@ what point do you shut down?

Original version of the article, on page 13 of the Sunday Tribune's Sunday Magazine.

After my #7DaysOffline experiment, I was asked write a piece for the Sunday Tribune (@SundayTribuneSA) Sunday Magazine. Here’s that piece, originally published on page 13.

@ WHAT POINT DO YOU SHUT DOWN?

Overwhelmed by a constant barrage of information, Matthew Savides went offline for a week. No social media, limited internet use and work-only e-mails. This is his story

Radio silence. It’s an interesting thought, isn’t it? In the days of BlackBerry Messenger, Twitter, WhatsApp, Facebook and an endless host of other social networks, radio silence just doesn’t happen any more. In fact, the only time we get real radio silence is when we fly.

There’s just this influx of information that seems never-ending. Smartphones have made this information accessible at our fingertips, and it’s easy to become attached – addicted, even – to these devices. There’s a reason a BlackBerry has become known as a CrackBerry.

I’ve been feeling this way recently. It’s the feeling that I’m more interested in tweeting about an event than actually being there and experiencing it. And as a result, I’m only half there and miss out on so much. There’s this desire to be quirky, funny, smart, witty, whatever – instead of actually being there in the moment.

It hit me recently when I was at the Hluhluwe/Imfolozi Game Reserve with my girlfriend, Megan. We came across a pride of lion. After taking a few obligatory photos, we just sat there and watched. It was so refreshing to be experiencing this rather than taking photos of it.

It’s like Irish comedian Dylan Moran said about holiday photos: we’re so concerned about taking the perfect photo that we’re not really there, in the moment, and when we get home and look at the pictures, we’re actually looking retrospectively on somewhere we weren’t. He makes a good point.

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Or maybe I’m just reading too much into this. Maybe it is just pure entertainment and there are no negative implications. Maybe people enjoy having conversations with people who are attached to their phones. Maybe people like play-by-play commentary of every aspect of everyday life, irrespective of the setting they’re in.

Look, don’t get me wrong. I love social media – and it’s not just because I have to be in touch because of my job. The amount of information, and instant information at that, available on social media is incredible. Michael Jackson’s death broke on Twitter, the killing of Osama bin Laden was, albeit unwittingly, tweeted moments before it happened and I can keep tabs on court trials, press conferences or just about anything by virtue of people’s Facebook updates.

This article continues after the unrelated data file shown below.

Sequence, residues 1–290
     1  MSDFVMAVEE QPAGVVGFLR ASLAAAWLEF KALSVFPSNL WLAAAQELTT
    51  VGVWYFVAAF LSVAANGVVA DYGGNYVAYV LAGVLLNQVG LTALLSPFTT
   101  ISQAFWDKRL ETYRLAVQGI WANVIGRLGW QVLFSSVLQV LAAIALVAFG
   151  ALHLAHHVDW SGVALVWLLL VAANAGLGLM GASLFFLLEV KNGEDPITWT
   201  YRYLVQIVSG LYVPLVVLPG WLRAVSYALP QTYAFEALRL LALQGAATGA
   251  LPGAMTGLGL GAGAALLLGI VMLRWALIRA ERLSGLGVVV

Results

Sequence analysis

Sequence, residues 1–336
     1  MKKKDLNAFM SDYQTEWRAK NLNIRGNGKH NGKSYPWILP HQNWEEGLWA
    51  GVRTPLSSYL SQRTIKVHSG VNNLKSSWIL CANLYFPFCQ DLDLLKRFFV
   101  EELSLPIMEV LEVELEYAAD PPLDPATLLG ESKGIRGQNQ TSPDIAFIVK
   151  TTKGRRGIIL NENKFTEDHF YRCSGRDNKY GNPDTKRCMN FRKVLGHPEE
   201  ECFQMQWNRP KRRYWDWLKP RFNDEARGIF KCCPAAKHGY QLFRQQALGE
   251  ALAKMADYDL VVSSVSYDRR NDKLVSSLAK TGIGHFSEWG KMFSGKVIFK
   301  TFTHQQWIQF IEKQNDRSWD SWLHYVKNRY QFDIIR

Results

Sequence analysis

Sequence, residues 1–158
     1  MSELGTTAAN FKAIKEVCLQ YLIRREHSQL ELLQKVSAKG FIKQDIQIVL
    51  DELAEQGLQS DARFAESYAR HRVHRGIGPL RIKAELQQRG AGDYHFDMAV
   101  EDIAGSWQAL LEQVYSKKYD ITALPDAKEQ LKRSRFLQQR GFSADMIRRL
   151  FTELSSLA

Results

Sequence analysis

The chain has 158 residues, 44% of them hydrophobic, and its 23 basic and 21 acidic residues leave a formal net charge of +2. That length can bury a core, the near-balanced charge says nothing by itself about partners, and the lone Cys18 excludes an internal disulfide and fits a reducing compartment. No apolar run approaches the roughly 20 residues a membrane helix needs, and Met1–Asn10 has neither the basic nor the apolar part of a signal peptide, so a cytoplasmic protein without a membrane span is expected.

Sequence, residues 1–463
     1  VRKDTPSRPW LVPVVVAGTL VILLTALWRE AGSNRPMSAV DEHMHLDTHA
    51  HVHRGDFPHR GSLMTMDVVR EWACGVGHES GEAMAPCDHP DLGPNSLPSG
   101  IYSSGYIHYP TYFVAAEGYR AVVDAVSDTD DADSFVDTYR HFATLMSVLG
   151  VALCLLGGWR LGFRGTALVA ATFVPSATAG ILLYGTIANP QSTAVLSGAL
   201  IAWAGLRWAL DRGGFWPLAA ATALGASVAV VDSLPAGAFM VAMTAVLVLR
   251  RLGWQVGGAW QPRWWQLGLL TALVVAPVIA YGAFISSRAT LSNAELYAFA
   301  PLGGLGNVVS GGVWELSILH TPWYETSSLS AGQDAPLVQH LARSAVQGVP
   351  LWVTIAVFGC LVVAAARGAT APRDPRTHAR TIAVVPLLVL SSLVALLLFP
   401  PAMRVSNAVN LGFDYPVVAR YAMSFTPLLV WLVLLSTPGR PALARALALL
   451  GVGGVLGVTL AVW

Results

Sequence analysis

Social media, Twitter especially, has changed the way I watch sport. Even though I’m sitting alone on the couch, the fact that I’m tweeting about the match with hundreds of other people makes me feel part of a crowd. There’s definitely a feeling of being around a watercooler and chatting to mates. For that alone, social media is brilliant.

But it does get too much. It gets to a point where there is pure information overload. Where the updates just become noise and there is a noticeable feeling of being utterly overwhelmed. It’s when that happens that it’s time for a break.

So what do we do? Do we shut down our devices and shut ourselves off from this information overload? Frankly, I don’t think so.

I’ve never heard anyone say they want to stop using their phones or that they want to stop using the internet. I have, however, heard – several times and in several different social settings – people say they want to use their phones and the internet less.

That’s what I did over the course of last week. I decided it was time to get away from my phone, to break away from Twitter in particular, and only to use it under certain circumstances. There were some rules, obviously, like BBM could be used, but only for close friends and family. Only for work purposes could I log on to social networks, and I was not allowed to read blogs other than for work purposes.

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Initially, this seemed like mission impossible for me. I thought I would really battle. But, as it turns out, it was quite easy. Mostly. Here’s a play-by-play of what happened:

Sunday:

11pm – Last Twitter post was made. Said something like “see you in a week” and had the #7DaysOffline hashtag.